Tescos controversial decision to go ahead and print its own money has helped ease tight conditions in the current credit markets, the UK central bank said in a quarterly report yesterday.
The policy permits Tesco to purchase government bonds as well as commercial and corporate debts from banks, thereby injecting cash into the system. Tesco plans on injecting a further £80 billion in ‘Tescos’ into the UK and Irish markets.
The new currency, which will keep the brands blue white and red trademark colour, will be printed from early next year and will surely give the euro a run for its money.
The report said that the announcement of the £80bn programme, and subsequent purchases of assets during the first quarter of 2009, were followed by a decline in interest rates (yields) on medium to long-term government bonds.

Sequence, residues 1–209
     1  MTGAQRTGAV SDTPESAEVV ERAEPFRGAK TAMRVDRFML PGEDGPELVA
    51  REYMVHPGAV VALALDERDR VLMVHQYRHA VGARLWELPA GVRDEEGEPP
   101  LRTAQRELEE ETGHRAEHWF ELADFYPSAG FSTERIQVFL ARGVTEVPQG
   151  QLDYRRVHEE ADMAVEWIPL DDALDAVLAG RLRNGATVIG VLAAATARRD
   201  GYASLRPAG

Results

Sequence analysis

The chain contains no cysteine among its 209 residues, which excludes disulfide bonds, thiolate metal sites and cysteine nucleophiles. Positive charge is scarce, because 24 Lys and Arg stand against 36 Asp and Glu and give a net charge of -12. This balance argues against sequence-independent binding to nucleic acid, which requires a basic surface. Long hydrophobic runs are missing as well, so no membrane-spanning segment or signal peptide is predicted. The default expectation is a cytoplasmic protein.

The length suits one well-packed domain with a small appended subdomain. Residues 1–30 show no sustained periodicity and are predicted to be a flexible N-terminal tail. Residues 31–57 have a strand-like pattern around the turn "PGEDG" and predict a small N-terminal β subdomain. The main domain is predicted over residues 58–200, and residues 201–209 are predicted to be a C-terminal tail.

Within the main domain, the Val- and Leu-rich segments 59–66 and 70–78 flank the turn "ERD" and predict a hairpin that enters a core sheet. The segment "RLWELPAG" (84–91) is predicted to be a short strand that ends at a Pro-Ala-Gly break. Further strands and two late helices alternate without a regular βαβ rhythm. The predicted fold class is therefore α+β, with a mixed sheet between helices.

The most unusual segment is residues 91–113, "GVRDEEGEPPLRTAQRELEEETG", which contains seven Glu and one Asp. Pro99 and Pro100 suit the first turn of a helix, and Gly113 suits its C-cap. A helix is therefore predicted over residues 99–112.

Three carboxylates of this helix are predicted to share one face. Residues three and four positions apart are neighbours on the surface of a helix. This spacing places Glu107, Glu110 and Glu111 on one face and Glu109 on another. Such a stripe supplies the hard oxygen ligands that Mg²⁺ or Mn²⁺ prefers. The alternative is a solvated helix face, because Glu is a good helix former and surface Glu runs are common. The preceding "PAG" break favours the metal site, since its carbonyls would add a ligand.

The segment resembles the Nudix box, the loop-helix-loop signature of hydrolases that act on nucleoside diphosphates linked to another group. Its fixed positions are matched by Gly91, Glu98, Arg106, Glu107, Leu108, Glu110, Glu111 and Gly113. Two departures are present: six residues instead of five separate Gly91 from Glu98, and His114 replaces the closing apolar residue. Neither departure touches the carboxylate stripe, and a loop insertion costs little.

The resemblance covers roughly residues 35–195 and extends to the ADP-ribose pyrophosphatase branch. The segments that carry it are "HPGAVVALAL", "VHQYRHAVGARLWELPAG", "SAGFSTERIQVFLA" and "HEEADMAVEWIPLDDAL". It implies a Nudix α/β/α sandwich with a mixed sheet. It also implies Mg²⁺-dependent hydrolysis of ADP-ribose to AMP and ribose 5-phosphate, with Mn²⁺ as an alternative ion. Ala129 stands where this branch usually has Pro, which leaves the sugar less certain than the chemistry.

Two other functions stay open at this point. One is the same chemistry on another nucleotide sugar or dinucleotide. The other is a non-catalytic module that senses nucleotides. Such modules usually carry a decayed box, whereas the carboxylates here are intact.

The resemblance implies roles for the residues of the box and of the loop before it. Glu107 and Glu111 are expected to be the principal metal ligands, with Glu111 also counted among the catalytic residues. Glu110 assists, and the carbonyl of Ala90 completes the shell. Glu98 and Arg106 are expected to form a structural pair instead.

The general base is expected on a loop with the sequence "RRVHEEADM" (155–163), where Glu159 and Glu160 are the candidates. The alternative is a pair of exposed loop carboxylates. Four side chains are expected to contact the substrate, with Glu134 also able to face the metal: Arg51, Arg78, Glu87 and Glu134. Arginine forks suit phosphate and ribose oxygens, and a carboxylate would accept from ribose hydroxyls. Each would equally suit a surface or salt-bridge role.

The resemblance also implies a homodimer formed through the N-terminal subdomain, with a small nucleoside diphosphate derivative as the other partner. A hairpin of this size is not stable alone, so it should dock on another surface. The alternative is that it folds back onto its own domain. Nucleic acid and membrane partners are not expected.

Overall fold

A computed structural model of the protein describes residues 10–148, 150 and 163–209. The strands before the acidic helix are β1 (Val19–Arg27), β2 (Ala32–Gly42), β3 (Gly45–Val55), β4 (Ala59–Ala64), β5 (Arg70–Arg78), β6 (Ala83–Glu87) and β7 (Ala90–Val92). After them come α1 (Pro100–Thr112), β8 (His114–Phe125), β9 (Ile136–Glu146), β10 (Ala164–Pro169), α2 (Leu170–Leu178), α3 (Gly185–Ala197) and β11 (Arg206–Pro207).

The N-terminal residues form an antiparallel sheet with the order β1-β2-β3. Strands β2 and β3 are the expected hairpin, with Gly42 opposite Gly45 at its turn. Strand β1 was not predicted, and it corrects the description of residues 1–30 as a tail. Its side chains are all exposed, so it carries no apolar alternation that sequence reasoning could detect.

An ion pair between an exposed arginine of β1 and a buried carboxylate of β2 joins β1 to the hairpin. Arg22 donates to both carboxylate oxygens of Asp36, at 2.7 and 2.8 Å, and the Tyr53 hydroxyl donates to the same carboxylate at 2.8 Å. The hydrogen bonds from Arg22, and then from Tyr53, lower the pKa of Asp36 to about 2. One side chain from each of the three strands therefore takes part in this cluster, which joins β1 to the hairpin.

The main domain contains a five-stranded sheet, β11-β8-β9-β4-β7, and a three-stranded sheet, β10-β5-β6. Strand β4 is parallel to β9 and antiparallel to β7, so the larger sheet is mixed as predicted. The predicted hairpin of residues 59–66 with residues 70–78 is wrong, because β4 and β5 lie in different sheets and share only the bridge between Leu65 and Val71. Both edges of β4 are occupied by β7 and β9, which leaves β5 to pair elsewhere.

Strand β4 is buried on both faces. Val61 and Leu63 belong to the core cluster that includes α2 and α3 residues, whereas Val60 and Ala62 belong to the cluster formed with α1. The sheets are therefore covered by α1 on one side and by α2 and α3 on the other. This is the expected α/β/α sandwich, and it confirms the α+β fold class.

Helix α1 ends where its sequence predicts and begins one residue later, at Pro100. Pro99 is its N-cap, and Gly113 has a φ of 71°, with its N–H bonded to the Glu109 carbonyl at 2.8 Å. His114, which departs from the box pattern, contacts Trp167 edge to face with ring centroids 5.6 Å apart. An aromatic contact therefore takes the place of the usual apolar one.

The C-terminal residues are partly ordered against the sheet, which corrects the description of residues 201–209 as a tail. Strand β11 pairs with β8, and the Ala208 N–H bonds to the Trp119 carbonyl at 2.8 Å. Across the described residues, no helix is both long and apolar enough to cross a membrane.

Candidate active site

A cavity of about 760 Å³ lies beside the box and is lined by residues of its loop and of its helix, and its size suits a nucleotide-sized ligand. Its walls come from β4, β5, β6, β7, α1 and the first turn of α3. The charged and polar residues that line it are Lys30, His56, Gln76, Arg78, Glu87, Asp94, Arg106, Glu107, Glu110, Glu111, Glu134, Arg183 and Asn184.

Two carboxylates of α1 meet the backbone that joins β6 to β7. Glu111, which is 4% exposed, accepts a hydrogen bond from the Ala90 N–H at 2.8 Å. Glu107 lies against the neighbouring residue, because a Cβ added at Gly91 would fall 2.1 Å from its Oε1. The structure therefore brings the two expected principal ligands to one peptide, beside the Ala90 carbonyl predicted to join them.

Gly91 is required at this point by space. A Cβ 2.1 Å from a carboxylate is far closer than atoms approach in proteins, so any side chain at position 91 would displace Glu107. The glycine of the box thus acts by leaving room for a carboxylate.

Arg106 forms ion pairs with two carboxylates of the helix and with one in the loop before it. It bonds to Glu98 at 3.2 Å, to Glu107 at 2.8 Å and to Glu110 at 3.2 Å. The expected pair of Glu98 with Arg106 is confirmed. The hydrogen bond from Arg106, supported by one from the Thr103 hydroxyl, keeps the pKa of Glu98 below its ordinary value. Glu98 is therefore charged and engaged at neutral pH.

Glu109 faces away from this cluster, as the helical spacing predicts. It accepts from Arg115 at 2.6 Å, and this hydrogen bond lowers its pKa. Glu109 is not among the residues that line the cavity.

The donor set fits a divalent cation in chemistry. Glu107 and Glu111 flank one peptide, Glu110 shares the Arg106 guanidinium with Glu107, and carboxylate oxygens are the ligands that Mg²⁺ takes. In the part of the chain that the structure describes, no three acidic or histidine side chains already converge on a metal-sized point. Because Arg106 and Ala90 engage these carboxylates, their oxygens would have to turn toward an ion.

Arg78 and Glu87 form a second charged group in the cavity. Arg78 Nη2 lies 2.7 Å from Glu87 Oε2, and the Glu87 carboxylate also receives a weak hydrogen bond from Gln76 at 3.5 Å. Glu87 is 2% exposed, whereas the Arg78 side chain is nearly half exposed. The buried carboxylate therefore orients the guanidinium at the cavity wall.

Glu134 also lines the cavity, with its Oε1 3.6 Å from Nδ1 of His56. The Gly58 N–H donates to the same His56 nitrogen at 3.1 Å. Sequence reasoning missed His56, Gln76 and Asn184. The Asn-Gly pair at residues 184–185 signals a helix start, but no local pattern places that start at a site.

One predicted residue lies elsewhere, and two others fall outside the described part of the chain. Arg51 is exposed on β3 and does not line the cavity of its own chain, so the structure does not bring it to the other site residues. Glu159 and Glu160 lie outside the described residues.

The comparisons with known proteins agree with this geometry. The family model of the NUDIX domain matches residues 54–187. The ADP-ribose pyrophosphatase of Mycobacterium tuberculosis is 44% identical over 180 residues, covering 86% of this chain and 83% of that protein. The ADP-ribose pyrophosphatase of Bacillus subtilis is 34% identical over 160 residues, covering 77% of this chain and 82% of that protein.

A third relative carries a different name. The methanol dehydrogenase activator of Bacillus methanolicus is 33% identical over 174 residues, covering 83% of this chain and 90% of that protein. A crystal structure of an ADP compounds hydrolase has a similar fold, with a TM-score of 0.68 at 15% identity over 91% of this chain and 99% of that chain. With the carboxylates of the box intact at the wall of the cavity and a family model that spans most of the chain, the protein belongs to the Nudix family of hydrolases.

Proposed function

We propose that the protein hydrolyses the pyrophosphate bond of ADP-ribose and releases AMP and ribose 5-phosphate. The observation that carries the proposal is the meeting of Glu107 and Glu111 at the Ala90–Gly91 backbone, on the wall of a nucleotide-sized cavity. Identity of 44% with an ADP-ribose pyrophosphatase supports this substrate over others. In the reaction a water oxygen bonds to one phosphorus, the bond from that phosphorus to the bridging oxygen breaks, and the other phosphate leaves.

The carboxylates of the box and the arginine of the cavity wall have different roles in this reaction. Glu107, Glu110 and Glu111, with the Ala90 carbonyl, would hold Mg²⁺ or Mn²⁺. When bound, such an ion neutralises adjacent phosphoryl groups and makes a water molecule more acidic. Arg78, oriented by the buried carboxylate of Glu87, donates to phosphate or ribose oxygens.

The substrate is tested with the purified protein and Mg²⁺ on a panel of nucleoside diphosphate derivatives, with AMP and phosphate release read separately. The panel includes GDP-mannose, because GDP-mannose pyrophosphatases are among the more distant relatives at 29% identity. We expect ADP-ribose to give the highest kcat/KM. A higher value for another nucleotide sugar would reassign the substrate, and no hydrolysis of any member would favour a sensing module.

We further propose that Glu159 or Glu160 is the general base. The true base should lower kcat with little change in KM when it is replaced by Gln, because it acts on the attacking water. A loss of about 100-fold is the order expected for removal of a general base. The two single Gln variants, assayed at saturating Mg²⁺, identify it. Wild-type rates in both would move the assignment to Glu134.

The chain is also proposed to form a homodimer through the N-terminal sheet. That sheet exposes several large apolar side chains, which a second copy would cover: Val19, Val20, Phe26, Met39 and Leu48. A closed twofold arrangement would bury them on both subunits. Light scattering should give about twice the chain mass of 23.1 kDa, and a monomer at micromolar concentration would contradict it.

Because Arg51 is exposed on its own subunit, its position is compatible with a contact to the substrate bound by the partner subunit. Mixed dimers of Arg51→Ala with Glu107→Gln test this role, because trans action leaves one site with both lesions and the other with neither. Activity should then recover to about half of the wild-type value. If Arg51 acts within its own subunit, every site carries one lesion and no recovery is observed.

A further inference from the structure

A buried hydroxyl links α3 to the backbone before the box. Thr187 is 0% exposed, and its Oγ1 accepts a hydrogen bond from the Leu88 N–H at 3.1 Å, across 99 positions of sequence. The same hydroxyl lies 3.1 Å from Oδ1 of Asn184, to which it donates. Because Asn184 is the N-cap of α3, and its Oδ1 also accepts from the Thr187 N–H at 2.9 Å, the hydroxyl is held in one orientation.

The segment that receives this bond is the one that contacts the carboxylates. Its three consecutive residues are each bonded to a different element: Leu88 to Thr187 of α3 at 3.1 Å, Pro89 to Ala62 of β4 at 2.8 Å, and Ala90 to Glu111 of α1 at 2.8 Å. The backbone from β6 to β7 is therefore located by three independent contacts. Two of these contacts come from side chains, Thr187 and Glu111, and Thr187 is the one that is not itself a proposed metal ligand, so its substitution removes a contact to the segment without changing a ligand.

Tesco expects a total monetary take over in the next decade.
“Tesco have shares in every commodity known to man so why not money?” said its CEO Sir Terry Leahy.
Some experts say the actual longevity of the note will be no where near as good as the Euro, but in tough times people will surely not care for such inadequacies.
The money is said to be 25% cheaper than the euro and it will be legalised as tender in all European countries including Turkey and Romania. Tesco hope to fade out the euro in all its stores and countries by 2020.